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Moving house with a cat to where there is a dog

craig46
January 19th, 2008, 10:50 AM
OOPS! 'That was supposed to say 'dog Hi all. I am new to this forum and need some advice. I am moving in with my girlfiend in the next few weeks (lucky me) and of course my cat, BJ, is coming along also.The problem is that she has a dog! He is a nice small dog who, from what I have seen, is kinda neutral towards cats. He does not chase them (outside) and just ignores them, really.

My cat BJ, came from a rescue centre 9 months ago and is a very affectionate neutered tom of about 6 years old. He was a stray for about 2 years and then was taken in by a family who emigrated after 3 years and put him in the home, where I got him from.

Any advice on the best way to handle the move/introduction would be very much appreciated!

SARAH
January 19th, 2008, 11:53 AM
Hi there, and welcome!

Is there a way you could introduce the two pets to eachother on neutral ground (i.e. not her place and not your place, a friend's would be good)

Otherwise, try keeping the cat in a carrier while they sniff eachother through the grill-door and if there is no sign of any animosity on either part, open the carrier and stay close to intervene should you need to.

If they seem to freak out, keep the cat in a separate room (with a baby-gate) for a few days (weeks) till they get used to seeing and smelling eachother.

Mainly, be calm. Pets pick up on your stress and other moods, if you are calm and confident, they won't be as likely to think there is a (potential) problem in the making.

Good luck with the move, and please post pics as soon as you are allowed to do so.

krdahmer
January 19th, 2008, 11:57 AM
I've always used introduction through a closed door for the first few days, then switched them out so in your case after a few days of the cat being sequestered, you switch them and let the dog go in the room and sniff the cat smells and let the cat out to investigate the new house and the dog smells. This way when they come face to face the smells are more familiar. And don't worry there will be hissing and barking no doubt, but that will be them communicating about who will be boss (I have no doubt the cat will win that arguement, they usually do! ;) ).

Best of luck and congrats on the big move!

sugarcatmom
January 19th, 2008, 12:07 PM
Hi craig46,

First of all, since moving is very stressful for cats, you'll want to set up a "safe room" for BJ in his new home. Is there a bedroom or bathroom where you can keep the dog out for a little while until BJ becomes more comfortable? Set it up all cozy with litter box, food/water and a box or carrier that BJ can sleep in. Spend lots of time with him in there and when you think he's ready to see the rest of the house (could be days, maybe even weeks if he's really freaked out), let him explore without the dog around at first. Then slow introductions with the dog confined (leash or carrier) until neither seem too excited about the situation. Make sure BJ can get back to his safe room if needed. Cats also like to be able to escape to high places, so if you have a tall scratching post/condo or somewhere else he can jump up to, that would be ideal. There's a good article here about introducing dogs and cats: http://www.labadoption.org/linkpages/DogBehave/Articles/Cats.pdf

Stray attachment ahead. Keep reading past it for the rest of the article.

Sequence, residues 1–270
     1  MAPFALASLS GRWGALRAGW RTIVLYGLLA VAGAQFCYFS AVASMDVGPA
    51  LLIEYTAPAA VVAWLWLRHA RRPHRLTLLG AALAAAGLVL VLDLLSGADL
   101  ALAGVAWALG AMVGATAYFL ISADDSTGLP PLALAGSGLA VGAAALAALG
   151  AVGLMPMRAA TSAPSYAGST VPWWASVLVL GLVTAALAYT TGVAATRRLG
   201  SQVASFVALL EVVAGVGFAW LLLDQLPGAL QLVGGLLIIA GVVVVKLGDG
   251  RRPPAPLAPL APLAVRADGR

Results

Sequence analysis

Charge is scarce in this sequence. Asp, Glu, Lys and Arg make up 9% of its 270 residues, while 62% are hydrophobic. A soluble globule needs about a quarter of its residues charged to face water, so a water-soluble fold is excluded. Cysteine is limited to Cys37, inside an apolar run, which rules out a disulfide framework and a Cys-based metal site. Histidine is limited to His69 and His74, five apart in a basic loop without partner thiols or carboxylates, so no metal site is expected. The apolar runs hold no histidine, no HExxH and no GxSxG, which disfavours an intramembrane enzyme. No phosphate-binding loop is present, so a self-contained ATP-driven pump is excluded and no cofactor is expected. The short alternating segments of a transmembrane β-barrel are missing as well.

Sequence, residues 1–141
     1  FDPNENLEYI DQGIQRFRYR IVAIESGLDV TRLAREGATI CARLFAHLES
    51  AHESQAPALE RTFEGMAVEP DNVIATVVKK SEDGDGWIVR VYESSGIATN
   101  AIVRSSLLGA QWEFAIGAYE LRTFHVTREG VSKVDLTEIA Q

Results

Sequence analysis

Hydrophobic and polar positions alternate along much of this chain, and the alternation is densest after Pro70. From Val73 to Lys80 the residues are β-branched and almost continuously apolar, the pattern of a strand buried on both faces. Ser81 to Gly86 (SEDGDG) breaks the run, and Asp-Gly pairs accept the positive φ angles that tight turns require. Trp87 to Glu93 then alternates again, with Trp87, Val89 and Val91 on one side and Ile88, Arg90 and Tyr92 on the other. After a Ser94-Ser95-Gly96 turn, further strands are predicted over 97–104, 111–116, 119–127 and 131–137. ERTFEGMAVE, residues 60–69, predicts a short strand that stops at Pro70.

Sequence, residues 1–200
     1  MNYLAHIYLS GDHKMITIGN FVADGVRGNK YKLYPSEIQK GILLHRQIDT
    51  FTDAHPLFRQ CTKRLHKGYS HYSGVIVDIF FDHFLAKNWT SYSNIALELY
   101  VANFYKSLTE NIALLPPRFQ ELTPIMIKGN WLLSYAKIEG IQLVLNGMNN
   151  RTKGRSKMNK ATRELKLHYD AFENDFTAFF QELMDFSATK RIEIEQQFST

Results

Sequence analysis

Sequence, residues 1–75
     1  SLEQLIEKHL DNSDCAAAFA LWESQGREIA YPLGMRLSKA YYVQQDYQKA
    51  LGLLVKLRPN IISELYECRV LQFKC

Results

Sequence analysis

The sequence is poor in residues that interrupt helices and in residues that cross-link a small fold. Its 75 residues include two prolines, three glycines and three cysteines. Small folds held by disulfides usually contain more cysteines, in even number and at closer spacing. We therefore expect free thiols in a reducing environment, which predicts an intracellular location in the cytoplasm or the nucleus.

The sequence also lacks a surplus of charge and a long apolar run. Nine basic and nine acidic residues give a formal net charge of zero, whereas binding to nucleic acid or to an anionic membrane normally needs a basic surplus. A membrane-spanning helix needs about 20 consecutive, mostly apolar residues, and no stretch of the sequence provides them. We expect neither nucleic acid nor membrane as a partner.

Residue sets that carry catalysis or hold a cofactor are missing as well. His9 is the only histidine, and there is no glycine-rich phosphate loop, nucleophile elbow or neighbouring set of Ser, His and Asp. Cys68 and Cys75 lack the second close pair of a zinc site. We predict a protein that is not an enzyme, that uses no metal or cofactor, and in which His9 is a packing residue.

Good luck! I hope things go smoothly for all of you.

sugarcatmom
January 19th, 2008, 12:15 PM
Is there a way you could introduce the two pets to eachother on neutral ground (i.e. not her place and not your place, a friend's would be good)

That works for dogs but I don't recommend it when there's a cat involved. It's important for the cat to feel comfortable and confident and that's not going to be the case in a new environment.


Otherwise, try keeping the cat in a carrier while they sniff eachother through the grill-door and if there is no sign of any animosity on either part, open the carrier and stay close to intervene should you need to.

I prefer the reverse: keep the dog confined at first so that the cat feels it can escape if needed. Providing toys or catnip or something to help the cat associate the dog with a positive experience would also help.

tonkamcd
January 19th, 2008, 02:01 PM
That works for dogs but I don't recommend it when there's a cat involved. It's important for the cat to feel comfortable and confident and that's not going to be the case in a new environment.




I prefer the reverse: keep the dog confined at first so that the cat feels it can escape if needed. Providing toys or catnip or something to help the cat associate the dog with a positive experience would also help.



I would agree with sugarcatmom, as of the two the cat is more likely to become spooked if he feels as though he is trapped with no escape from the dog. I especially like the baby gate way, (having a room for the cat with the baby gate up, because the cat knows he always has somewhere to go that's away from the dog instead of running around the place like a maniac looking for an escape. I have used the baby gate method, plus the method of keeping the cat in a seperate room for a few days and then letting them out while the dog has been on a leash and made the dog sit still and just stay calm, either way it can take a while for them to get used to each other. We used the baby gate method when we got two of our cats as kittens, and the seperate rooms when we got our other cat as an adult.